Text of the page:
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Setting type hot mud won't feather in edges?


gunner666's Avatar
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04-09-15, 07:10 PM   #1  
Setting type hot mud won't feather in edges?

I usually used 'green lid' USG with great results for the first coat but am trying to master hot mud to save time and avoid a hair dryer or heat gun for non-hot mud when in a hurry.
I've done hot mud on the base coat and then green or blue lid USG over that with great results.

Tonight, I tried to use just hot mud for the first and final coat just filling a divot that could have been done with one coat. Applied the mud, let it set somewhat and then sponged it with a drywall sponge that has a regular sponge side and an abrasive side. I tried sponging it at different stages of it drying and with different amounts of water and with both sides of the sponge. No matter what I did, I could not get the edge to feather in and taper into the existing wall, it just removes the whole 1/16" - 1/8" layer and needs a coat of green or blue next to get a good feather. I don't know the exact brand of hot mud but I got it at Lowe's so it should be half decent and they're all probably the same thing anyway. I remember hot mud sponging and possibly sanding poorly like this last time I used it for a base coat but I used green or blue after that and got the feather I wanted.

Anyone have any pointers? Would sanding instead of sponging give a good feather in? If so, I might as well use green lid USG and a heat gun or hair dryer on the base coat because I can sponge a feathered edge on that and avoid a sanding mess. thanks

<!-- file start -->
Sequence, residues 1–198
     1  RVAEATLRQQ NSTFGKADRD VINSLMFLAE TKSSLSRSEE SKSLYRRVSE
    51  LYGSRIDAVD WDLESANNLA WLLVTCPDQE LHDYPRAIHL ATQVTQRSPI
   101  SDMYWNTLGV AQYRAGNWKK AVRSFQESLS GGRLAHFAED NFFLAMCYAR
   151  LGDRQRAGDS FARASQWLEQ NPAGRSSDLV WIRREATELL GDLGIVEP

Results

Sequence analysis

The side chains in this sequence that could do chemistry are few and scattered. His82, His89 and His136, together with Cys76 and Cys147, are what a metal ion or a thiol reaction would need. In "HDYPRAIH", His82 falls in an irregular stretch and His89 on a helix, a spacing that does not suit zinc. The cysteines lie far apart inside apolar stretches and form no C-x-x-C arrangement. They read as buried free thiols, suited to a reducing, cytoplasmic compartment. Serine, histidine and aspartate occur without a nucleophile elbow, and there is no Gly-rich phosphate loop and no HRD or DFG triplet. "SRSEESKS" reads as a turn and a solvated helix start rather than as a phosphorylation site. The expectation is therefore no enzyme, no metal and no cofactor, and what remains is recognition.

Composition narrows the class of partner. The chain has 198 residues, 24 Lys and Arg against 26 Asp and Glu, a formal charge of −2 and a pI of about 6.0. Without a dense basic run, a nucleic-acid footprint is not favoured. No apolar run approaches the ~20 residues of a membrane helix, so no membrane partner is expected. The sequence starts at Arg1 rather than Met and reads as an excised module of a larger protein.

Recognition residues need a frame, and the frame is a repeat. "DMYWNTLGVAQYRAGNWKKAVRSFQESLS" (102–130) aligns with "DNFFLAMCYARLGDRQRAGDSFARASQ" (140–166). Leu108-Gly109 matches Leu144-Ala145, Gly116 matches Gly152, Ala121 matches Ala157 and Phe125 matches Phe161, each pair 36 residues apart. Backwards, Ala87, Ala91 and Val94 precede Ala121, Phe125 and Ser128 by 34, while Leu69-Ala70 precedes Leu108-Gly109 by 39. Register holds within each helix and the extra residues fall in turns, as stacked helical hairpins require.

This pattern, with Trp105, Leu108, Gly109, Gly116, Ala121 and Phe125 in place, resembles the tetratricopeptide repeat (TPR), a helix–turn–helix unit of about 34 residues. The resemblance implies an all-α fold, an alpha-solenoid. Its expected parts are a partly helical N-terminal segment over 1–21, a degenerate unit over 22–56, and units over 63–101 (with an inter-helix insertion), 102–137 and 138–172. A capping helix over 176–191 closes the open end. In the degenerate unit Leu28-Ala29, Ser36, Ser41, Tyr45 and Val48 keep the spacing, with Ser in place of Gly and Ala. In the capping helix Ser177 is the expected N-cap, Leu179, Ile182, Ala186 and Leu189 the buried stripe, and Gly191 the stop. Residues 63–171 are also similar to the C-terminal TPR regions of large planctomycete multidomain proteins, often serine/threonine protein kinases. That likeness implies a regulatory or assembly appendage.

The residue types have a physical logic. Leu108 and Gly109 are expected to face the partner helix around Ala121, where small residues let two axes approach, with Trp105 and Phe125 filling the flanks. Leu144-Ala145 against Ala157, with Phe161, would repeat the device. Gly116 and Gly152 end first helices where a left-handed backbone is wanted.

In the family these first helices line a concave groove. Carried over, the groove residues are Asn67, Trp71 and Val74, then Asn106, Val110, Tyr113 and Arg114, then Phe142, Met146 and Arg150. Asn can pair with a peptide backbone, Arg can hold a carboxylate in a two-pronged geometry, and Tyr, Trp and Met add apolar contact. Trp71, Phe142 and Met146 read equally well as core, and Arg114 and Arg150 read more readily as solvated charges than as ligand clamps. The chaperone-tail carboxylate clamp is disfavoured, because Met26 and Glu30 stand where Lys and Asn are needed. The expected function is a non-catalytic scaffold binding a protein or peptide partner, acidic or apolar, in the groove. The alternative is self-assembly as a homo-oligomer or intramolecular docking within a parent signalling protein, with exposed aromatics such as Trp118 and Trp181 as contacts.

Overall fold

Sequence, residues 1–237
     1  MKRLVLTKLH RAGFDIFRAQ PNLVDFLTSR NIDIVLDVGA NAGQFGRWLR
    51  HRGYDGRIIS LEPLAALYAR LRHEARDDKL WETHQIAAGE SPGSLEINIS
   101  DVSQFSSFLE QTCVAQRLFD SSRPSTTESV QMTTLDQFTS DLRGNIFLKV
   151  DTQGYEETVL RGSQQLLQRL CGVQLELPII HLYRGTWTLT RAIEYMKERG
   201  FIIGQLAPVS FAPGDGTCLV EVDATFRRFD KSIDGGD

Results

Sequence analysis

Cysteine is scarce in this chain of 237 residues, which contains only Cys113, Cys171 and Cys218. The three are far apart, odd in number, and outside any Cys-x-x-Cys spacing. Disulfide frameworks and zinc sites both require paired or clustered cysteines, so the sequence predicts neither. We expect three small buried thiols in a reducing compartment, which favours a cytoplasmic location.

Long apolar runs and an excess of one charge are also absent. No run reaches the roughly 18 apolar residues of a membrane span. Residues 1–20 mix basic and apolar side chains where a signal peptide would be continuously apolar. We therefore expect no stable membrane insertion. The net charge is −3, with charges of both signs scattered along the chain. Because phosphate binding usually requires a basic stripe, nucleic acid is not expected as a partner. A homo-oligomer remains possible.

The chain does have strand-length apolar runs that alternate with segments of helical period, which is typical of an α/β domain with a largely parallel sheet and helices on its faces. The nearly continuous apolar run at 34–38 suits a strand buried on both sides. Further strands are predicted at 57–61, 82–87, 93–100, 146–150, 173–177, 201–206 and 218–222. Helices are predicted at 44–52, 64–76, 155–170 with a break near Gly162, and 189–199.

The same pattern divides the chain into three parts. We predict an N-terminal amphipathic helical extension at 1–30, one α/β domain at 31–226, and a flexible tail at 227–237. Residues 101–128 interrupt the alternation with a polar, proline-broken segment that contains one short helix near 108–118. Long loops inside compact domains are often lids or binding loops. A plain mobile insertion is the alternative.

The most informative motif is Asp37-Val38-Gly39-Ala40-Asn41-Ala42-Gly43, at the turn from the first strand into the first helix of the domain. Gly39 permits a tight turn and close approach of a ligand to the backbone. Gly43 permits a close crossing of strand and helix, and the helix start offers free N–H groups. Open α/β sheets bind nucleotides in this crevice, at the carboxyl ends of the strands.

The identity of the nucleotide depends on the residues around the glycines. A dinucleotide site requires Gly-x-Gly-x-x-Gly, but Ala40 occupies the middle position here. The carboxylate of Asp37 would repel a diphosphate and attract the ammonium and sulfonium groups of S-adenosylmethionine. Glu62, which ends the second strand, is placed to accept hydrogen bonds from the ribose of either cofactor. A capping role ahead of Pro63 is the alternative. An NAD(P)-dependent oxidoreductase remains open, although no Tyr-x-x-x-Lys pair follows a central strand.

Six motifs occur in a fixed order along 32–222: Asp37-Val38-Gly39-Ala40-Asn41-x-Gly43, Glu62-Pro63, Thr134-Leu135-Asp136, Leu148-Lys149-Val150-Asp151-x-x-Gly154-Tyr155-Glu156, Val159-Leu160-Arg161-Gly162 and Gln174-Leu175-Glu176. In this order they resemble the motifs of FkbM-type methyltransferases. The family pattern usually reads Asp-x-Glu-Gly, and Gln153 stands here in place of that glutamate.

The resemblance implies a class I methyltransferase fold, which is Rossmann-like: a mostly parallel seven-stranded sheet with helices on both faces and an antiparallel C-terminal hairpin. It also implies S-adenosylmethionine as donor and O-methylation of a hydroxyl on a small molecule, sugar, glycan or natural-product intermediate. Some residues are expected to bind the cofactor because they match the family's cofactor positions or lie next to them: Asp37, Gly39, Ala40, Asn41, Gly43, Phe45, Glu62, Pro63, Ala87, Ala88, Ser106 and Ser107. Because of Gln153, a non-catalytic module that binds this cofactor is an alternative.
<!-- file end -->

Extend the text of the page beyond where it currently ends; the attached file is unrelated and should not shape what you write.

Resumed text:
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04-10-15, 03:26 AM   #2  
I prefer to use the Blue Lid although the manufacturer doesn't recommend it for the first coat. I saw a guy in Home Depot with all Blue Lid cans on his cart. He said that he never had a problem with it. I guess that you'll have to sand the setting type. Any of it, takes years to master. I'm there yet either.

 
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04-10-15, 03:34 AM   #3  
By "hot" mud, are you referring to dry setting compound? If so, it isn't designed to be a final coat material. Its consistency as well as quick dry time will make it too rough and will dry too quickly. The green or blue, thinned a little always makes a good subsequent coat for smoothing. You should not have to sand anything but the final coat. If so, you are putting it on too thick.

 
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04-10-15, 03:37 AM   #4  
I was under the impression that setting & drying compounds shouldn't be used together. In other words one on top of the other. Is that true?

 
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04-10-15, 03:38 AM   #5  
I use setting type compound almost exclusively. Multiple thin coats feathered with a 12" knife out further with each coat is my style. I don't sand until after the final coat. Sand paper only, no sponge.

 
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04-10-15, 04:08 AM   #6  
Setting compounds aren't water soluble so they can't be smoothed out with a wet sponge after the mud has set up. Like the others, I prefer to use ready mix j/c for the final coat as it is easier to sand. You can intermix setting compounds and regular j/c. I've even added durabond to j/c that was too thin to thicken it back up on rare occasions.